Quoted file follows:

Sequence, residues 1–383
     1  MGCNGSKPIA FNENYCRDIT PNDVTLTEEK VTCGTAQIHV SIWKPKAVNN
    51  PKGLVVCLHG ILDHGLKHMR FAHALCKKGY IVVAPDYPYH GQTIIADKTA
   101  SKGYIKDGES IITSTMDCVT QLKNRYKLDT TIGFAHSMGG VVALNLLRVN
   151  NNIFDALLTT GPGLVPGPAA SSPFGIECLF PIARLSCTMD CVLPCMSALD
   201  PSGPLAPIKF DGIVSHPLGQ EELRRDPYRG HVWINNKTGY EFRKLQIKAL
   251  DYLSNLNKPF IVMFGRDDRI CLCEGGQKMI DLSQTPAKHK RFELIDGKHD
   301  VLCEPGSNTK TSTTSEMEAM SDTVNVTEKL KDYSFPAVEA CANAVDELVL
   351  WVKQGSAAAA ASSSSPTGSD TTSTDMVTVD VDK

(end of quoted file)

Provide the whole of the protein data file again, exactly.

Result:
Sequence, residues 1–383
     1  MGCNGSKPIA FNENYCRDIT PNDVTLTEEK VTCGTAQIHV SIWKPKAVNN
    51  PKGLVVCLHG ILDHGLKHMR FAHALCKKGY IVVAPDYPYH GQTIIADKTA
   101  SKGYIKDGES IITSTMDCVT QLKNRYKLDT TIGFAHSMGG VVALNLLRVN
   151  NNIFDALLTT GPGLVPGPAA SSPFGIECLF PIARLSCTMD CVLPCMSALD
   201  PSGPLAPIKF DGIVSHPLGQ EELRRDPYRG HVWINNKTGY EFRKLQIKAL
   251  DYLSNLNKPF IVMFGRDDRI CLCEGGQKMI DLSQTPAKHK RFELIDGKHD
   301  VLCEPGSNTK TSTTSEMEAM SDTVNVTEKL KDYSFPAVEA CANAVDELVL
   351  WVKQGSAAAA ASSSSPTGSD TTSTDMVTVD VDK